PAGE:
Thousands of NC teachers march for raises, school funding

Thousands of NC teachers march for raises, school funding

All have said that lawmakers have failed to adequately pay teachers and provide necessities for education.

Some of the impetus and expectations for the opening-day rally likely were drawn from similar teacher protest rallies in Arizona, Kentucky, Oklahoma and West Virginia.

Democratic Gov. Roy Cooper spoke at a rally across the street, promoting his proposal to pay for higher salaries by blocking tax cuts that Republicans made a decision to give corporations and high-income households next January.

North Carolina Association of Educators President Mark Jewell was in the House gallery.

As thousands of people marched outside the General Assembly in Raleigh, Governor Roy Cooper showed his support for helping teachers.

While the state ranks 39th among states for average teacher salary in the most recent report by the National Education Association, it has seen some of the highest percent increases in recent years, they said.

Barbara Faulkner, a 38-year-old English teacher at South Granville High School who makes $53,000 per year, said her house went into foreclosure because she had planned for a seniority-based raise plan that was stopped a decade ago.

"According to the NEA, North Carolina Ranked #2 in the U.S. for fastest rising teacher pay in 2017", Republican Senator Phil Berger, president pro tempore, said in a comment on Twitter posted during the march.

"You can't have a strong economy and attract employers with good-paying jobs without a well-educated workforce continuously coming from a pipeline of our students", Davis said.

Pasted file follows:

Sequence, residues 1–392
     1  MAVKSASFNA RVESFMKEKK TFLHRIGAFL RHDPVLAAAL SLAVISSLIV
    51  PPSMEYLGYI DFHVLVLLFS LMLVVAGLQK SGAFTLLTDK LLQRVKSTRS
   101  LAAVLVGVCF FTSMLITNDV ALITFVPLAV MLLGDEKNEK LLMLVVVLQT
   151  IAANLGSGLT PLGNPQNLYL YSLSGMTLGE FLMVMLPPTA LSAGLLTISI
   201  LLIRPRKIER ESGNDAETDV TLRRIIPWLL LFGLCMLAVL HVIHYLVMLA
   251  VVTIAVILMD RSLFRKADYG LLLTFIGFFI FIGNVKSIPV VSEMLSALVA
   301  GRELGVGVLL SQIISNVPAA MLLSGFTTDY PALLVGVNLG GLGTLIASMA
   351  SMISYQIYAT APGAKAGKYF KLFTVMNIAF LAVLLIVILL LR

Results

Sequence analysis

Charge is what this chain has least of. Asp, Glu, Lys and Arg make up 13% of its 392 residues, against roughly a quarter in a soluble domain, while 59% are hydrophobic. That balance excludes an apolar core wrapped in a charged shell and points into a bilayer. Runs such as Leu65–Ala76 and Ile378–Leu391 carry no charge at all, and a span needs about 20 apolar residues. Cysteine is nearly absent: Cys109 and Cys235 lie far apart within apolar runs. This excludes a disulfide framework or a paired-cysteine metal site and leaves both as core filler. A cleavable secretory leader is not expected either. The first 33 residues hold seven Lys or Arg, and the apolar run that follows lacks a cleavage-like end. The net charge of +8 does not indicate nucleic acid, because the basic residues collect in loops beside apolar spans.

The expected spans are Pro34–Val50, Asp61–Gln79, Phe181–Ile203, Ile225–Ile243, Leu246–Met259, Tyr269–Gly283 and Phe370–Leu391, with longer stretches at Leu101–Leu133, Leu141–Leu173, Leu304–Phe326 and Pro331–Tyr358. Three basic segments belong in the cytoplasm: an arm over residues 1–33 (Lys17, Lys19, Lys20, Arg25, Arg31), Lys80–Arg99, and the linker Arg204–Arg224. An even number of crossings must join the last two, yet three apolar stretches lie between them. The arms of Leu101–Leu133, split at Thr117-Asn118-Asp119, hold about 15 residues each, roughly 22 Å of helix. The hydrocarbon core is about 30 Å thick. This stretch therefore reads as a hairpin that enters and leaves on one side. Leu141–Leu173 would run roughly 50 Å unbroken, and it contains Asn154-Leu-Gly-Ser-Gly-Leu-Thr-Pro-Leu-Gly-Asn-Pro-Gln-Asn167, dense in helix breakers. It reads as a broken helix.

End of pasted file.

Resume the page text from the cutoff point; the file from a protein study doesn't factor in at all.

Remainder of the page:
While thousands of teachers and educators convened at the state Legislature in Raleigh on Wednesday, Simmons joined educators in the Charlotte region who stood in solidarity by having a demonstration of their own.

Miss North Carolina Victoria Huggins sang the National Anthem to open the session.

The one-day labor action caused numerous school districts across the state to cancel classes for more than 1 million students.




Conrad expressed disappointment that she had heard from just three teacher constituents by email about wanting to meet with her Wednesday, as well as few walk-in visitors, even though the main teacher rally was occurring just yards outside her office.

"We need to have sufficient resources for these babies".

"We have no intention of raising taxes", Berger said before the march, complaining that "a million kids are not going to be in school (Wednesday) because a political organization wants to have folks come" to the legislature.

But not all of them could make it.

First-grade teacher Elise Robertson was working in her classroom with the help of her daughter Sophia Broverman, a second-grader in neighboring Davidson County Schools.

"We are on track to spend over $2 billion more on K-12 in 2018-19 than was spent in 2010-2011", he said in a Twitter post.

The website also stipulates five demands from elected leaders, including an increase in per-pupil spending, a "multi-year professional pay plan" for teachers, an increased number of mental and physical health professionals in schools, and moderated class sizes.

But with the Great Recession in the past and the state's financial stability restored, teachers say it's time to catch up on deferred school spending.

State lawmakers have already approved an average 6 percent raise for teachers next year. That increase will bring the average teacher pay to more than $53,000, not accounting for local supplements, benefits or bonuses, he said.

"They need to start investing in the public school classroom instead of corporate boardrooms".

Conrad said she had supported public-school education her whole life.

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